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What will it take to change the Legal industry?

 
 
 
 
By James Paterson, Founder at Plainly
 
James is an entrepreneur and lawyer. Throughout his career, he has combined legal practice with technology and smart processes. He's now on a mission to make legal work easier for everyone with Plainly.
 
 
 

I recently returned from Legal Geek's flagship conference which is held every year in the Old Truman Brewery in Shoreditch, London. I've been going since the first conference in 2016 and it's always a highlight. However, this year something painful dawned on me: in all that time, nothing's changed! 

The conference is still filled with new (and some not so new) vendors which are fundamentally going to change the way legal services are delivered, except they haven't. Speakers on stage still talk about how some new technology - in 2016 is was the blockchain, this year it was generative AI - will revolutionise the legal industry, except it hasn't (yet). Why not? 

The Innovator's Dilemma

You may be familiar with Clayton M. Christensen's seminal work "The Innovator's Dilemma: When New Technologies Cause Great Firms to Fail". If not, I highly recommend it.

In the book, Christensen suggests that incumbent firms excelling in today's market often find it challenging to allocate resources and attention to potentially disruptive technologies. Disruptive technologies are typically inferior when compared like-for-like with existing ones, at least initially. This makes them less attractive to existing customers and offers lower profit margins. 

As a result, rather than properly engaging with disruptive innovations, incumbents tend to focus their attention and resources on improving existing products or services. In doing so, they will generally miss/undervalue the advantages offered by innovations such as lower cost, simplicity, and/or accessibility. The result: well-managed, industry-leading companies can end up failing in the face of disruptive technological change.

A salutary lesson

Christensen cites numerous examples. Here's one: prior to the emergence of personal computers (PCs) in the 1980s - companies relied on mainframe computers for their computing needs. PCs by contrast offered lower performance and so computer providers concentrated on enhancing their existing products to satisfy the needs of their customers. They didn't develop their own PCs. We all know what happened next - the PC market exploded and it didn't take long for performance to improve and for PCs to take over many tasks previously performed by larger computers. This led to the rapid demise of yesterday's computer giants and the likes of Apple, Microsoft, Dell, etc becoming household names.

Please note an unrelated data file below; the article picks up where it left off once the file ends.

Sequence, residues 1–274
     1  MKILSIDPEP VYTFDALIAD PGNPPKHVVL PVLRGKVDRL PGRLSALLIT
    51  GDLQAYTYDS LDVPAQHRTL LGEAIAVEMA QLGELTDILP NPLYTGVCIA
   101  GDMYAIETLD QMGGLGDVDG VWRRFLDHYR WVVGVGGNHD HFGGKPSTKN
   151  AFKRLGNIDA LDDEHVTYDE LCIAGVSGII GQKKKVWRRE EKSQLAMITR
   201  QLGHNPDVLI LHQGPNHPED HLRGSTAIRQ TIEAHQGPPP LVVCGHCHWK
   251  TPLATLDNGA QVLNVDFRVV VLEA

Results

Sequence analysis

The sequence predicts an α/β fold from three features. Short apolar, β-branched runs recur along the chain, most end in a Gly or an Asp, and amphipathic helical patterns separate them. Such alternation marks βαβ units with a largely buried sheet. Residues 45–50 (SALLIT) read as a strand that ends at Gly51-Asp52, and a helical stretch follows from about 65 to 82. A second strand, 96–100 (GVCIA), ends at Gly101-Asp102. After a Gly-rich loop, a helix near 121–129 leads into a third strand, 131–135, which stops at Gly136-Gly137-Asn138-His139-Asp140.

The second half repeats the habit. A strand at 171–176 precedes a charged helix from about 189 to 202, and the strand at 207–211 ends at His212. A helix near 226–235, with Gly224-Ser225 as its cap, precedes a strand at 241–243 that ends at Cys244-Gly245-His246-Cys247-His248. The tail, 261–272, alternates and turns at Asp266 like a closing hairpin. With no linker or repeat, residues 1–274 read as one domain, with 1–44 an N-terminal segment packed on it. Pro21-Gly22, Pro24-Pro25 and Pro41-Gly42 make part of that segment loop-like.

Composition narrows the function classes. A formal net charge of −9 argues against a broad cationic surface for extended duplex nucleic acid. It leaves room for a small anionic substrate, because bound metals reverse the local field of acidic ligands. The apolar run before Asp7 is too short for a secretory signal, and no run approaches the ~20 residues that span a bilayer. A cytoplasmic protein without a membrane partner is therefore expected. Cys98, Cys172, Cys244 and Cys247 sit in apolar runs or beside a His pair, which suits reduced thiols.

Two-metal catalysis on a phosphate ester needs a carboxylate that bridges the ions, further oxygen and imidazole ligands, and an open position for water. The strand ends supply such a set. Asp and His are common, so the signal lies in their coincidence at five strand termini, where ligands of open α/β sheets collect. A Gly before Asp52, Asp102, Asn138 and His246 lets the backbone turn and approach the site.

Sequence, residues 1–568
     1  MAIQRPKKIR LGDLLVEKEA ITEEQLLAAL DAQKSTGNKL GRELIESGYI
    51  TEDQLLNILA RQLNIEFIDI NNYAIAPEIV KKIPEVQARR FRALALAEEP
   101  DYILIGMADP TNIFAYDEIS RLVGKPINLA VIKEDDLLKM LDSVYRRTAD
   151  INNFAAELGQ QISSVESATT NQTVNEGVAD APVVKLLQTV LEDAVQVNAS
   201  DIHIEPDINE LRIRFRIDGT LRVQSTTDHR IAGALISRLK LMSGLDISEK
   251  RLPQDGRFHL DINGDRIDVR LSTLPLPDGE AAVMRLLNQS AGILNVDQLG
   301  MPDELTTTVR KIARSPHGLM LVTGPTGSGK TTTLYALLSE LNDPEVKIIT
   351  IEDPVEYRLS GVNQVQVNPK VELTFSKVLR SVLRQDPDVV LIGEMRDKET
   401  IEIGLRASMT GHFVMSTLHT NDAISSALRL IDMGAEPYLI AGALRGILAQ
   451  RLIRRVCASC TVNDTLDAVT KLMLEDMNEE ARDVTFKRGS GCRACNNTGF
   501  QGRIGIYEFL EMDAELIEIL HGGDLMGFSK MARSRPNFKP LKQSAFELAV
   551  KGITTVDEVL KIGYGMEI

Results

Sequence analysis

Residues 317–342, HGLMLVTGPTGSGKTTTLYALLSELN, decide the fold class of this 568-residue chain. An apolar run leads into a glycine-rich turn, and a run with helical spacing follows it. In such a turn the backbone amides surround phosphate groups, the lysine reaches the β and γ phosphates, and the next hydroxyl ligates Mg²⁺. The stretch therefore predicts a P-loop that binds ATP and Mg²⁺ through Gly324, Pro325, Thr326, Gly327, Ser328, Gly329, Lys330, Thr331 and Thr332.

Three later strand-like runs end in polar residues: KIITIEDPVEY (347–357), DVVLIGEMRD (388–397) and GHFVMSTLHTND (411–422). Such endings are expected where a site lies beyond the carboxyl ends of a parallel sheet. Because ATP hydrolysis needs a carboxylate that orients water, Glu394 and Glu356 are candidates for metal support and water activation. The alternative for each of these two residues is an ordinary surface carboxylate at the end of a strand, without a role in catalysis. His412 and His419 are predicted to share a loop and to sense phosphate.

Insufficient investment

The same may be happening in the legal industry. Looking around, it's still pretty much business as usual. There's an awareness of the need to change - change is coming - but incumbents are still devoting insufficient attention and resources to technologies that could fundamentally disrupt what they do. Yes, most large firms now have, under different guises, an innovation function. However, as was apparent from numerous conversations I had at Legal Geek, this function remains under-resourced and generally doesn't have the wholesale backing of the partnership. 

Ultimately, it's not about finding ways to make the billable hour more efficient. It's about fundamentally rethinking how you deliver legal services, and developing new business models to support this. 

Truly courageous law firms (and indeed in-house teams) will do this while voraciously adopting new technology, not being afraid to experiment and make mistakes. I believe that the ones that do so will win. Those that don't, according to Clayton M. Christensen, will fail.

 
 

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